Guilt of Nothing

A circus came through the area. An offer was extended and subsequently refused. Fear grew and the grip of nothing tightened.

Difficult to breath here. Thoughts drift to where they are now, and why I’m not with them. I miss the bearded lady’s hundred grit embrace.

Martha’s voice rang out, “Eggs and sausage!” Martha was in her mid 40’s and a staple waitress at a diner near my work.

I think of Martha some. She seems content, as though she’s experience enough and accepted things as they are. Maybe her current outlook was discovered at the end of a long road; but all I see is the final product. I admire her in some way. The truth is I only know her on a surface level, but she makes me wonder about those roads to peace. Some are hopelessly lost in the rough; perhaps others never need tread it at all.

“Here’s your coffee, man. So I take it the walker hasn’t caught up to you yet. He’s probably getting close by now!” She said with a smile.

“He’s got to be close. I haven’t been to my grandmother’s in years.”

The walker is a man that follows me back and forth between my home and my grandmother’s house. He’s out to kill me.

I told Martha about a my childhood memory of the man a while back. My grandmother lives in a small town about an hour from here. It’s gravel roads with little to look at all the way there. Sleeping with my head on the pillow as a child, I could hear my heartbeat thumping in my ears. It had a rustling sound to it.

Thump. Thump.

I didn’t make the connection that this sound I’d hear while laying in the dark was actually my own heartbeat for quite a while. I don’t know why.

One day while riding the dirt and rock roads to grandmas, I saw a man walking in the heat along the road. Short and thick, and carrying an ax. We passed him, and I saw his heavy boots moving one labored step at a time.

Thump. Thump.

He must being going to grandma’s. It’s the only place in this dry empty portion of the world, I thought.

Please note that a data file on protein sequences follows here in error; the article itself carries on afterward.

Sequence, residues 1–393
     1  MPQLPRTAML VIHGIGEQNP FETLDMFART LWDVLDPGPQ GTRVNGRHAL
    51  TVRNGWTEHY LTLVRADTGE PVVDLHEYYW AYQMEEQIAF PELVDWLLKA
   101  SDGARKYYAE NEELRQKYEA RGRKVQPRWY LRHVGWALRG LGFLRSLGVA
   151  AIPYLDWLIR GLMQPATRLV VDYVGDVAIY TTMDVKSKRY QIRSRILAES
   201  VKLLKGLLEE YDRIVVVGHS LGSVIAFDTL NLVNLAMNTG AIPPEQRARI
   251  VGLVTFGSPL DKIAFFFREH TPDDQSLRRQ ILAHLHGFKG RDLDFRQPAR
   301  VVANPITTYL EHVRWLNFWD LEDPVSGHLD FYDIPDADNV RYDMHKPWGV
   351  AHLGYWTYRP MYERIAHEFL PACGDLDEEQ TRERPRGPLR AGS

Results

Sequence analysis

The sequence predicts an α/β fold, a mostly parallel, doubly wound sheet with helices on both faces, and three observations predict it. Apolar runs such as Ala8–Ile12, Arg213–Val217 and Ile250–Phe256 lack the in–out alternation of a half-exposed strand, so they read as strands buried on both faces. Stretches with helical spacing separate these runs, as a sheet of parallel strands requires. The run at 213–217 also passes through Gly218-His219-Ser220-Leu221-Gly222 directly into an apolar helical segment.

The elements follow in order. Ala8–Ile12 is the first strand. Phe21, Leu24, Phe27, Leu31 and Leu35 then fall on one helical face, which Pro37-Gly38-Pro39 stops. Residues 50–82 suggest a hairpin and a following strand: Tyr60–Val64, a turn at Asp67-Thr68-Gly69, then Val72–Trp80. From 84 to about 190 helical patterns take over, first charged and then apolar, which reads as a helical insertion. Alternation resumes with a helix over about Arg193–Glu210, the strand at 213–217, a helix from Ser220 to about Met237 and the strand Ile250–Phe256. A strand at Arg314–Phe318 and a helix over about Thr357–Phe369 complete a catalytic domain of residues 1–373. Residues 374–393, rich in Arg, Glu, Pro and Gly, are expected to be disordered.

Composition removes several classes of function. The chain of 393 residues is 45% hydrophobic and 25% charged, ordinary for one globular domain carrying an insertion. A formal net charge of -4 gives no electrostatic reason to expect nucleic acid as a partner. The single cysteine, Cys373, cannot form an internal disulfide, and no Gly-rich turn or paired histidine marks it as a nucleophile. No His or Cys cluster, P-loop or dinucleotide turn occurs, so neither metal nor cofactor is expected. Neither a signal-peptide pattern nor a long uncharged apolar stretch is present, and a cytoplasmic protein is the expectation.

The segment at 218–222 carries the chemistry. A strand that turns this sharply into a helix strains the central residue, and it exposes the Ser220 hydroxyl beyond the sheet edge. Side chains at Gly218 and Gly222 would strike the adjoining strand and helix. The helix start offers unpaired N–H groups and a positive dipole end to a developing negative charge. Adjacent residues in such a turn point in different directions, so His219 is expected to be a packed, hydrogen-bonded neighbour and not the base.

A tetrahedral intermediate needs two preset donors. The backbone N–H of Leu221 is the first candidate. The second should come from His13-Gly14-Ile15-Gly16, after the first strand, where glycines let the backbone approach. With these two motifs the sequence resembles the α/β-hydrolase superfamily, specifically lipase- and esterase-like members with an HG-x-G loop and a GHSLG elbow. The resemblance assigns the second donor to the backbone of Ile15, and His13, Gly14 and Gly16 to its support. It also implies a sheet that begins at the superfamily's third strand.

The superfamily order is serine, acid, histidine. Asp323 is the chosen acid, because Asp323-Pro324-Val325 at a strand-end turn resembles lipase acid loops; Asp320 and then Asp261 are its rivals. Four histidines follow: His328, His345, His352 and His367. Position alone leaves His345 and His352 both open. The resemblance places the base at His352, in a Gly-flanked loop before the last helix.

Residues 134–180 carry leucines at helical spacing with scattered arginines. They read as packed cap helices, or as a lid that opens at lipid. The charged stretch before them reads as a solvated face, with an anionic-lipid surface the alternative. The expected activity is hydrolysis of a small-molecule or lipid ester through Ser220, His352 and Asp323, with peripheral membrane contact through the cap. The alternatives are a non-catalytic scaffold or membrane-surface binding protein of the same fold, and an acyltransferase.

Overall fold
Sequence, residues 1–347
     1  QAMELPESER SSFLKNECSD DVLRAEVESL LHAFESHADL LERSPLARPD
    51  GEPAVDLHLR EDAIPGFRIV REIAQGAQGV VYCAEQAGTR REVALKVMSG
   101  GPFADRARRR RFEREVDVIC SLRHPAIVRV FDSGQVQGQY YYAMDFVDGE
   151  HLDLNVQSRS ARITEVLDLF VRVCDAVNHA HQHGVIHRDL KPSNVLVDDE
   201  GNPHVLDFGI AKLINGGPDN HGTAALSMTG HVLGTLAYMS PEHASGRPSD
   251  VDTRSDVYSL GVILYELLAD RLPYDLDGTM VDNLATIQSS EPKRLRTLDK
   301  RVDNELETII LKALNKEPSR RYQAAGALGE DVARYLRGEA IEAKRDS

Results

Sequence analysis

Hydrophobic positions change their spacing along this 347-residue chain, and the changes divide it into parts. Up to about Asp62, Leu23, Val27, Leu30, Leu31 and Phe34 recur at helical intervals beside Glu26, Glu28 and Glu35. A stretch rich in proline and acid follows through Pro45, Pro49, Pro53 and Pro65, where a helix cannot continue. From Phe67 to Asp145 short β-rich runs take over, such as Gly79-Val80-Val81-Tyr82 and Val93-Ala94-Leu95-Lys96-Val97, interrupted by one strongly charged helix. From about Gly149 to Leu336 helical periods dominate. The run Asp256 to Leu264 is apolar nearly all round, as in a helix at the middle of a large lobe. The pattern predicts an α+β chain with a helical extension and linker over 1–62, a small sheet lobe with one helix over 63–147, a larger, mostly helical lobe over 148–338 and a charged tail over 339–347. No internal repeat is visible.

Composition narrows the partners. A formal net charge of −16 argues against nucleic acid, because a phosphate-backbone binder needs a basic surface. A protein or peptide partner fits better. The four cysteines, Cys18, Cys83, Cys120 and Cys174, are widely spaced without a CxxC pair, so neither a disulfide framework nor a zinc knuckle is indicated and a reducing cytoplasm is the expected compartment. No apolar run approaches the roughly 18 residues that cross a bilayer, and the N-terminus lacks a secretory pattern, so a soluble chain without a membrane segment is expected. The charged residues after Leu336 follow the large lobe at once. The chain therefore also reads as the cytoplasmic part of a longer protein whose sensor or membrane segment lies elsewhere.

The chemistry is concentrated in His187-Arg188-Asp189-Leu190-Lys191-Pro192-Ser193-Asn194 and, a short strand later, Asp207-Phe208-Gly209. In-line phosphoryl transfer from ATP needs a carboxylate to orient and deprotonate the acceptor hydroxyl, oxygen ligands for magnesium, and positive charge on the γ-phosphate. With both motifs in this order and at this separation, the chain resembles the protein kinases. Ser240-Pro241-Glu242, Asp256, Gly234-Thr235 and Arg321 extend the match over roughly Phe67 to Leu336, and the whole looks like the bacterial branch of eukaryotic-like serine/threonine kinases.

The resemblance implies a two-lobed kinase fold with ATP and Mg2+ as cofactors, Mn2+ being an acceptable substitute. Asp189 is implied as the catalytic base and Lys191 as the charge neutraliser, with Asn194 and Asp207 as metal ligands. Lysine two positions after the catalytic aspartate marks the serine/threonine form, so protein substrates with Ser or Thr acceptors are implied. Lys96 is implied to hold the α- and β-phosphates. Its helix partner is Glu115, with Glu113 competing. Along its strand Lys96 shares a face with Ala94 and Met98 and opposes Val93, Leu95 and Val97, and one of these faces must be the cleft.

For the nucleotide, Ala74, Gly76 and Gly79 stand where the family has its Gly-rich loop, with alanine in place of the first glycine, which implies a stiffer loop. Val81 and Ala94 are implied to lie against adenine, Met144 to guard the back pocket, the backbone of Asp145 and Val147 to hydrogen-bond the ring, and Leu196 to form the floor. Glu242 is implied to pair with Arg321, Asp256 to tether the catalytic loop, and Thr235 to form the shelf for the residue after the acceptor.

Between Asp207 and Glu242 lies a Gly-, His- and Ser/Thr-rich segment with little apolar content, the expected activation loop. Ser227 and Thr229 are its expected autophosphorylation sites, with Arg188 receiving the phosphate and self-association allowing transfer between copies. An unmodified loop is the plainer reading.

That night laying in bed, I heard my heartbeat in the dark. Imagery of the ax man’s shoes on the gravel filled my mind. He’s coming this way.

The more I thought of him walking this way, the faster my heart started beating. His pace was quickening. He’ll be here soon. I heard the same sounds of my heartbeat while back at my own house. In my mind, we must have escaped grandma’s just in time, and now he’s started his walk this direction.

That man followed me back and forth for an entire summer; luckily we went to my grandma’s house frequently enough that he wouldn’t make it to my bedroom door before having to turn around. That’s what I’d assumed at the time, as I’d yet to be ax murdered.

I think this town is killing me. There’s nothing here for me. I’ve done the math, the dating pool is full of algae, and I’m wasting away.

Leaving is always on my mind. Fear, anxiety, and a painful life keeps me from drumming up the will power to change. A person can only rally so many times before they just shut off and give in. It’s a decision I’ve been trying to make. Do I call it quits, stay, get my coffee from Martha and smoke myself into a cancerous death, or do I take the little money I have and try and make a change? That might sound like a no-brainer, but it’s a difficult choice.

I’ve never enjoyed life. I don’t have the drive or ability to care anymore. I can’t; if I acknowledge I care, I have to deal with and feel emotions relating to my past. Relating to her. Relating to mistakes and lover’s scorned. Shutting down is easy and being quietly sorry from a distance is punishment enough. Plus, like the saying goes: wherever you go, there you are. Fucking hate that guy.

Screw it. I got my thermos refilled. I’ve got a circus to find and the skin on my face doesn’t feel nearly irritated enough.

I opened the door to leave the dinner, and someone promptly swung and ax into my chest.

“Oh well,” I thought as I laid dying. “Felt okay for a couple seconds just then. You know, before the ax.”

“Side of bacon!” Sang Martha in the background.

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